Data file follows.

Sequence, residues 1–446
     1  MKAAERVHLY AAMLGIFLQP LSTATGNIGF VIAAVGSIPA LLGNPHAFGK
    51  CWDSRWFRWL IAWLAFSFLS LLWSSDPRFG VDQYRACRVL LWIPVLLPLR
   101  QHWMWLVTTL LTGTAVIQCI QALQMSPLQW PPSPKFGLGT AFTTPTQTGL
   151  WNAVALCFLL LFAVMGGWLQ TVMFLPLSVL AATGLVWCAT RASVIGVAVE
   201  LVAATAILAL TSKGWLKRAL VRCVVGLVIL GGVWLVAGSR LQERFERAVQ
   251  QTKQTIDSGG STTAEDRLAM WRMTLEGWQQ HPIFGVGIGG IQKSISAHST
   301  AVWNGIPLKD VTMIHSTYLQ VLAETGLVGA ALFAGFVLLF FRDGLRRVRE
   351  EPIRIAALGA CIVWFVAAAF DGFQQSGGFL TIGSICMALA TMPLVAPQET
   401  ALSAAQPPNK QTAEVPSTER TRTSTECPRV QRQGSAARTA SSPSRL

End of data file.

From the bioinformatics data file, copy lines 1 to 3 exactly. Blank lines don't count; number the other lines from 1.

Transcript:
Sequence, residues 1–446
     1  MKAAERVHLY AAMLGIFLQP LSTATGNIGF VIAAVGSIPA LLGNPHAFGK
    51  CWDSRWFRWL IAWLAFSFLS LLWSSDPRFG VDQYRACRVL LWIPVLLPLR